First, the European Commission and the US want to include a clause for “investor-state dispute settlement”. This would allow businesses to bypass regular court systems and sue governments directly, in special arbitration panels, for anything they claim not to be “fair and equitable” treatment – typically legislation designed to deliver public benefits. Such panels are deeply flawed. The claimant – business – has a 50 per cent say in who presides over them, and the panels’ decisions are not bound by legal precedent. Arbitration is fine for settling contract disputes; it should not get to judge the validity of laws.
Second, the EU and the US also want to set up a new (of course, unelected) body with the power to scrutinise all legislation that one of the two blocs might initiate.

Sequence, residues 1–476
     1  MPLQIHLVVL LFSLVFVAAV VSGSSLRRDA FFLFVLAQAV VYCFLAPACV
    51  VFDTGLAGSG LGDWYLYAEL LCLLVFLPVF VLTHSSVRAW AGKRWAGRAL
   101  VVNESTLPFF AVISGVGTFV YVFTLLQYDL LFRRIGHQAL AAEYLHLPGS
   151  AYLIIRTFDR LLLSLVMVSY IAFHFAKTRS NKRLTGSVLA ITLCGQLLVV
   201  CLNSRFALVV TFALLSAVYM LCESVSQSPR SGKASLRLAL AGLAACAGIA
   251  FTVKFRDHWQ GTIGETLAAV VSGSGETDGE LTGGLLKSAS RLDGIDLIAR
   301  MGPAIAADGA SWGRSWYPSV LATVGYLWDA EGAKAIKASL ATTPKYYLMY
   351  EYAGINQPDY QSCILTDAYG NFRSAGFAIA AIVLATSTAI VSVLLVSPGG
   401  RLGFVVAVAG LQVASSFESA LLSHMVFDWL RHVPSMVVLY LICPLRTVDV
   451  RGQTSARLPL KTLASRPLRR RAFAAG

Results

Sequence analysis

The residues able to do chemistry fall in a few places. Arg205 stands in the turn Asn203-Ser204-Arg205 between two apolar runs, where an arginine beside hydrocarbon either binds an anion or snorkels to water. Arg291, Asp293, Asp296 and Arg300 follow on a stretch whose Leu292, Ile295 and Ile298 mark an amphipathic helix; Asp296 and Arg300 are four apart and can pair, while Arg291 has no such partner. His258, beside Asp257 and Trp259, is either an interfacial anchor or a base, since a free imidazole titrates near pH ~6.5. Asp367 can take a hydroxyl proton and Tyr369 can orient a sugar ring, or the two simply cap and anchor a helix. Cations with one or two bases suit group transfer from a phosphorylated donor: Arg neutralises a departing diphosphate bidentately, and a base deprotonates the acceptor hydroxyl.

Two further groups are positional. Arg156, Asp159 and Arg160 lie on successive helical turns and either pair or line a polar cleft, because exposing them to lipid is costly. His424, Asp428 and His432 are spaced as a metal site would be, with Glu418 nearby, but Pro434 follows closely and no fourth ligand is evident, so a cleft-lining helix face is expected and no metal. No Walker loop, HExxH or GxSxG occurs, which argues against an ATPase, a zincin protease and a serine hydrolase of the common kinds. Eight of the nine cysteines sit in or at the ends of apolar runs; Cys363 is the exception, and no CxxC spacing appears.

Both intended moves strongly discourage governments to act in the public interest. Instead, they transfer power away from elected governments, towards business and anonymous arbitrators and regulators. At a time when both the US federal government and EU institutions are struggling with their own democratic legitimacy, it may not be the wisest of ideas to give oversight away to bodies even further removed from regular citizens. Casually dismissing these issues as “hostile advocacy” is a recipe for a heated and protracted debate.
Elected governments should be able to protect their people and the environment, even if that occasionally upsets certain parts of business. That is not antitrade. It is common sense.
Jos Dings and Pieter de Pous, members of the EU’s TTIP advisory group of experts.